Question: GSEA Preranked analysis on RNA-SEQ
4
gravatar for Ron
4.5 years ago by
Ron970
United States
Ron970 wrote:

Hi all,

 

 

I have done GSEA pre-ranked on differentially expressed genes between tumors and normals.The genes have been ordered by log fold change since GSEA pre-ranked requires an ordered list of genes.

The results are outputted in the format with phenotypes as na_pos and na_neg.I am not sure about these phenotypes as how does it differentiate between the 2 phenotypes based on an ordered list of genes.

I understand that the normal GSEA when run on tumors and normals expression values gives us the output between these two phenotypes,but not sure what does the phenotype mean in GSEA pre-ranked.

The fold change values are both positive and negative which are an input along with the gene symbols to GSEA pre-ranked in my case.

-Ron

 

 

 

ADD COMMENTlink modified 4.5 years ago by poisonAlien2.8k • written 4.5 years ago by Ron970
2

The direction of gene expression is critical. It is very likely that you have different gene sets in wither direction.

Ranking by significance is better than fold change; just think about those lowly expressed genes with extreme fold changes and high p-values. Checkout this NAR which discusses the difference.

http://nar.oxfordjournals.org/content/38/17/e169.long

You can generate a rank file with a simple awk script.

http://genomespot.blogspot.com.au/2015/01/how-to-generate-rank-file-from-gene.html

ADD REPLYlink written 4.5 years ago by mark.ziemann1.2k
2

I am wondering if ranking genes by p-values gives rise to another nasty bias: genes with higher read counts (either because they are large or more highly expressed) yield lower p-values, simply because any statistical test will have more power with a larger number of reads. This would lead to artificially high enrichments of gene sets containing either large or highly expressed genes (or both). From my own GSEA results using p-value pre-ranked gene lists, I think that I indeed observe this trend, although I do not have hard data yet.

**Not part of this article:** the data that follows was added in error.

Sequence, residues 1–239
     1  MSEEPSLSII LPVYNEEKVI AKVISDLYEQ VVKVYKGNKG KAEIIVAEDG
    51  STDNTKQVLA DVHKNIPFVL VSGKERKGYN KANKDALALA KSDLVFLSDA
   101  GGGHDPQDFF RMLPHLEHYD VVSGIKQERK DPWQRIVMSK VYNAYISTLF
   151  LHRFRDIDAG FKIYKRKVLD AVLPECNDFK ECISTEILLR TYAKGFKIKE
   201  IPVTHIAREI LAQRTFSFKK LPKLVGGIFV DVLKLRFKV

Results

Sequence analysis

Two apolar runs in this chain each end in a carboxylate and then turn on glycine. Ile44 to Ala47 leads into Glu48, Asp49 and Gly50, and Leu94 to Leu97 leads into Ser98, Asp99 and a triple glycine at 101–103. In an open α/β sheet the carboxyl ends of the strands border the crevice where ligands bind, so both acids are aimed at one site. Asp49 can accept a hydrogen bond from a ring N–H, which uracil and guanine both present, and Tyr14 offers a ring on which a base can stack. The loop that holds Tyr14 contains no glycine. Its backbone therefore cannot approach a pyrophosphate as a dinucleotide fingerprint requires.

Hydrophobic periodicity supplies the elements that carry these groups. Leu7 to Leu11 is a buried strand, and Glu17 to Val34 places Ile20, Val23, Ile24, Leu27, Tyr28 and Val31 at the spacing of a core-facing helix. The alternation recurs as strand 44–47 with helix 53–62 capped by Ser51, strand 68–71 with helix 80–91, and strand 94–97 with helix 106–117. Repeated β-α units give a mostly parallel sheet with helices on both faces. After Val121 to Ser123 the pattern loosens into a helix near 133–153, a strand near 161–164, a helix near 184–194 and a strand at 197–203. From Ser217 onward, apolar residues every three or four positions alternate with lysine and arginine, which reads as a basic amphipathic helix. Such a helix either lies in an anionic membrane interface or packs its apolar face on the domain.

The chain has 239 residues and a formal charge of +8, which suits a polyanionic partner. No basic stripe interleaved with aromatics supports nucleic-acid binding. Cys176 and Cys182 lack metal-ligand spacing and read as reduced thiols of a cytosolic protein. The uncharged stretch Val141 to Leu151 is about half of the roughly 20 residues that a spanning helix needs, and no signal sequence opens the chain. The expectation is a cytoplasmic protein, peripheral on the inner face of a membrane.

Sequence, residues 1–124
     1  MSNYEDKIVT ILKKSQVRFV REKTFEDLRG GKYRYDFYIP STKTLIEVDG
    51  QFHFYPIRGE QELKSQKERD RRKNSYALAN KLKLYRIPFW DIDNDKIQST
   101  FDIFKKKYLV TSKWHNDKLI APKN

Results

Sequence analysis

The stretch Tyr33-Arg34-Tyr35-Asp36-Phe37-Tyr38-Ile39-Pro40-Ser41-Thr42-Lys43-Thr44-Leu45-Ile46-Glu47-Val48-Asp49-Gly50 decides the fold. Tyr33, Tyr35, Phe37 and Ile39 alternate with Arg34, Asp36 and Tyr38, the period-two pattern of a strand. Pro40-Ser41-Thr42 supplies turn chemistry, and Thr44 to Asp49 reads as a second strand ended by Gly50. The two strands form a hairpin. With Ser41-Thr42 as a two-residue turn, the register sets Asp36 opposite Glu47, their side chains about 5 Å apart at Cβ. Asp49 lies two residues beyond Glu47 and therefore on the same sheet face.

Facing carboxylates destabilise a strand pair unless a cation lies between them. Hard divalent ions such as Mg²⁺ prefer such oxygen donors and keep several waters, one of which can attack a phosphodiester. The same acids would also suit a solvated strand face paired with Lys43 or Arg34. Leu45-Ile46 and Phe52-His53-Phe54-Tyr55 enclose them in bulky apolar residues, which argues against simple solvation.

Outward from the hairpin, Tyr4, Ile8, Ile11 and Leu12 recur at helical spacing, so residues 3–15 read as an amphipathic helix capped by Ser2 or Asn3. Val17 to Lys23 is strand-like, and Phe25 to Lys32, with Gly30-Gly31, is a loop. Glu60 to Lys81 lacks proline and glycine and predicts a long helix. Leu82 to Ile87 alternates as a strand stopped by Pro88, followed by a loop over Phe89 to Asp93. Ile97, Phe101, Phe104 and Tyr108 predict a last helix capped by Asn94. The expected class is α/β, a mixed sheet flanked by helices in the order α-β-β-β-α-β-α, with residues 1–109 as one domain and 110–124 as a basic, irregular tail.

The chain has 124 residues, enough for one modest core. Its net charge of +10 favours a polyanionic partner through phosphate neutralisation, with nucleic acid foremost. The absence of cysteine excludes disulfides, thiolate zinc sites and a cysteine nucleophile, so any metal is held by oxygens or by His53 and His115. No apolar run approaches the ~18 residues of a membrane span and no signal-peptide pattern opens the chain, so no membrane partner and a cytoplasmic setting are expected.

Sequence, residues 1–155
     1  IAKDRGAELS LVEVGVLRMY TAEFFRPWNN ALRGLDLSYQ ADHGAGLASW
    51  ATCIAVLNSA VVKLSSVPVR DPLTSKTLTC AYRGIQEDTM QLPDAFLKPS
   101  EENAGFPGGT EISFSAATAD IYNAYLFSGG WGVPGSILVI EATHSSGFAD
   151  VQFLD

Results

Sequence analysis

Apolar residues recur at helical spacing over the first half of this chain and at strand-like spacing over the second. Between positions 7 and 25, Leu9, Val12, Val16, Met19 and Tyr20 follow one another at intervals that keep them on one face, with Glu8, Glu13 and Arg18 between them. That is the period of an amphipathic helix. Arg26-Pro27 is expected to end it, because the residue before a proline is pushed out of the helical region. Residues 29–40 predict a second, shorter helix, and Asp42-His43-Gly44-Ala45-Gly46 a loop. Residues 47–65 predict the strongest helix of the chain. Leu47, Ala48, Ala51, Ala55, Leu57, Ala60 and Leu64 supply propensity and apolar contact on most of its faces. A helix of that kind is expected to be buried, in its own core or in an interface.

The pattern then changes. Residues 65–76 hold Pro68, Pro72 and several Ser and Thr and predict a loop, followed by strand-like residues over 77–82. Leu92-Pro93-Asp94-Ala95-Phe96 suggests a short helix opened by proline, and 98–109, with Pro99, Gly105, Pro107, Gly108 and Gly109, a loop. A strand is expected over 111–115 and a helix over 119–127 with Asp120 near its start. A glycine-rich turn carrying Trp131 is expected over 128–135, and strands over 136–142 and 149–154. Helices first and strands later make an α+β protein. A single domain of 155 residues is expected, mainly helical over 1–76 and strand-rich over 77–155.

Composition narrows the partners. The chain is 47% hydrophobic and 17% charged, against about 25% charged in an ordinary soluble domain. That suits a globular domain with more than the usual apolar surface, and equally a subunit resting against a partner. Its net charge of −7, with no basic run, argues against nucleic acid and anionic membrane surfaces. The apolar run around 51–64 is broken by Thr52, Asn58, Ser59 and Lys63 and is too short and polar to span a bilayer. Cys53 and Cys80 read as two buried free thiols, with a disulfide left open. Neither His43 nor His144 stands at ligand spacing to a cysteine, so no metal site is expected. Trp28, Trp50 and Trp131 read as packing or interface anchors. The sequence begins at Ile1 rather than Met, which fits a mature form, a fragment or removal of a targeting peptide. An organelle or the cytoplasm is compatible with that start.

Thus, both solutions -- ranking by fold change and by p-value -- are probably not perfect. Any suggestions to do better?

 

ADD REPLYlink modified 3.8 years ago • written 3.8 years ago by Christian2.8k
1

I agree these options are both not ideal, but significance based ranking at least has some statistical basis. Fold change is too susceptible to noise for lowly expressed genes. Another approach could be to rank based on the lower confidence interval of the fold change. These all need to be baked off IMO.

ADD REPLYlink written 3.8 years ago by mark.ziemann1.2k

That sounds worth a try. How would you compute CI for RNA-seq fold changes? I have not seen them in the output of e.g. EdgeR or DESeq2.

ADD REPLYlink written 3.8 years ago by Christian2.8k

Some thoughts from Gordon Smyth on the issue. Very useful.

https://support.bioconductor.org/p/61640/

ADD REPLYlink written 3.8 years ago by mark.ziemann1.2k
1
gravatar for poisonAlien
4.5 years ago by
poisonAlien2.8k
Asgard
poisonAlien2.8k wrote:

Actually it does not know which is what phenotype, since we do not provide cls file as one would do during normal GSEA, hence phenotype label is na. But, as you have mentioned, based on log fold changes it assumes those genes with positive fold changes are phenotype 1(na_pos) and those with negatives are phenotype 2 (na_neg). (I think you can change this by reversing the rank order, I am not sure) 

ADD COMMENTlink written 4.5 years ago by poisonAlien2.8k
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